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Is it Safe to Travel to Europe?

As part of our ongoing coverage of travel during the COVID-19 pandemic, we’re providing updates on specific regions.

4 min
Author: Lucia

As the rate of COVID-19 infections continues to fall in most of Europe, countries have opened their borders to tourists once again. The latest list of approved countries issued by the European Union includes Australia, New Zealand, and Canada, but not travelers from the United States. This does not mean travel is out of the question for those in the US though. If you are a US resident, you can visit the United Kingdom and Ireland, provided you self-isolate for 14 days. Travelers can enter any EU country into the helpful Reopen EU website and receive the most updated information on travel regulations.

One country that is open to all international travelers is Croatia. You don’t need to quarantine yourself either if you can show a negative COVID-19 test taken no more than 48 hours prior to arrival, according to AFAR magazine.  

Where is safe to travel to Europe?

The big question, of course, is safety. To help you navigate which places in Europe are the safest to visit, the European Best Destinations Organisation has compiled a list of 20 places that have been the least affected by the pandemic. Another benefit of these destinations is that their ratio of hospital beds to population is higher than in most European countries. 

The first destination on the list is Tbilisi, the capital of Georgia, a country that has managed to keep infection levels at a rate 260 times lower than other European countries. Other destinations include the Madeira Islands in Portugal, which is among the sunniest destinations in Europe and is ranked among the safest beach destinations on the continent as well. The Greek island of Corfu is another destination that EBD deemed safe to visit. 

Panoramic-view-over-Camara-de-Lobos-Madeira-island-Portugal
Madeira Islands, Portugal

The EBD also offers a list of the safest beaches in Europe. Topping the list is Preveza in Greece, home to Monolithi beach, the longest beach in Europe. The town authorities have instituted several safety and health measures in their accommodations, shops, and restaurants. Comporta in Portugal and Hel Peninsula in Poland round out the top three recommendations. 

One general rule to keep in mind is, the warmer the destination, the better. This will allow you to spend more time outdoors later in the year, which means less of a risk of catching COVID-19.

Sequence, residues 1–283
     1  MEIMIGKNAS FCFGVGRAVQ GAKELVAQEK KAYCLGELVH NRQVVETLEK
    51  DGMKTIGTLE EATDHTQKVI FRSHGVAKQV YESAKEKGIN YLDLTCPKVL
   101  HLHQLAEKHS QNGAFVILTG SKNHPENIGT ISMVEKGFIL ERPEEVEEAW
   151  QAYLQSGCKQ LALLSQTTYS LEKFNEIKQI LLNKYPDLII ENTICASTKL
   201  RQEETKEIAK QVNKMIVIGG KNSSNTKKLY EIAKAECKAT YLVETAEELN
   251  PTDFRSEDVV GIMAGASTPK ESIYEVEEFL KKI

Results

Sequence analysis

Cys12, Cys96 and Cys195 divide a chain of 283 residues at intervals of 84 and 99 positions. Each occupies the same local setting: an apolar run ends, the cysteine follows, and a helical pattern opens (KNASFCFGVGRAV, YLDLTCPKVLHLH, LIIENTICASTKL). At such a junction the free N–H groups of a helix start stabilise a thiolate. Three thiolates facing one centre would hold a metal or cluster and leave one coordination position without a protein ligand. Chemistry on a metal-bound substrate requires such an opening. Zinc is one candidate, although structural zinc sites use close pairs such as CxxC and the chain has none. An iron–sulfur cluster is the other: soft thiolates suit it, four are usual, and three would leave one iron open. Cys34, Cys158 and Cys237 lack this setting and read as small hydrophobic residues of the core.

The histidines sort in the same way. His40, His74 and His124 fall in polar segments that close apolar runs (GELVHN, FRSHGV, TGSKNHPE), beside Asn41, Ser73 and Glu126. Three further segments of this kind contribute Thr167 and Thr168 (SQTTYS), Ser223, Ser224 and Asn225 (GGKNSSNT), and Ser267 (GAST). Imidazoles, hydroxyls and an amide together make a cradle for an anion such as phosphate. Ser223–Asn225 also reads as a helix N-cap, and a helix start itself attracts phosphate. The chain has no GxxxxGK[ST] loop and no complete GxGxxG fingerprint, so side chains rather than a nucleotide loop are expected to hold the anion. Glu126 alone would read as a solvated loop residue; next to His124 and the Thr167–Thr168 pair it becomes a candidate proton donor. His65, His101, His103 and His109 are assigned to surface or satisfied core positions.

Some destinations are even offering monetary incentives to visit. Sicily is offering to pay half the cost of your flight ticket, some of your hotel costs, and will provide free tickets to museums and cultural sites. Cyprus is hoping to attract tourists by promising to provide free healthcare and hotel expenses if you contract COVID-19 while visiting. 

Since it can be hard to keep track of the different rules and regulations for COVID-19 travel in Europe, one way to make sure you are in safe hands is to book your vacation through a trusted travel expert. You can then relax and enjoy your holiday knowing that the proper precautions have been taken upfront and that you have access to expert assistance if anything goes wrong.  

“As a tip for anyone who has reservations about booking a trip now, I would say: beautiful cities and hotspots like Athens, Porto, Meteora, and Lisbon are nearly empty of tourists at the moment. There is no crowding in the streets and you don’t have to wait in line for long. The hotels have very few guests, and this is especially noticeable in larger establishments where you will find plenty of empty sunbeds by the poolside and much more peace and quiet than usual.”

–  Mrs. Brennhäußer, Enchanting Travels Guest in Portugal & Greece, Summer 2020

Safety Tips for Traveling to Europe

If you are worried about flying, it may not be as risky as you think. According to Centers for Disease Control and Prevention in the United States, “most viruses and other germs do not spread easily on flights because of how air circulates and is filtered on airplanes”. According to the Wall Street Journal, practically all commercial jets use High-Efficiency Particulate Air filters similar to those used in hospital operating rooms. Cabins are also cleaned with anti-microbial disinfectants between flights. Still, you should take the following precautions for air travel:

  • Wear a mask. Most airlines require you to wear one for the entire duration of the flight.
  • Maintain social distancing as much as possible in the airport and on the plane. Some airlines are underbooking flights to keep middle seats open, which increases your ability to keep six feet of distance.
  • Wash your hands frequently and carry an alcohol-based hand sanitizer to ensure your hands stay virus-free. Avoid touching your face or eyes.
  • Avoid using airport and airplane restrooms as much as possible as well. If you do use one, wash your hands with soap for at least 20 seconds afterward.
  • Consider bringing your own refillable water bottle and snacks as services are limited both on the plane and in many airports.

Our travel experts are keeping an eye on our destinations across the world to bring you updated information on travel restrictions due to COVID-19 (and any other safety issues). Check back for updates or follow us on Facebook to see the latest.

Thinking about a European getaway? Talk to a Europe destination expert today and see what the continent has to offer!

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Posted In:  Europe Europe Travel news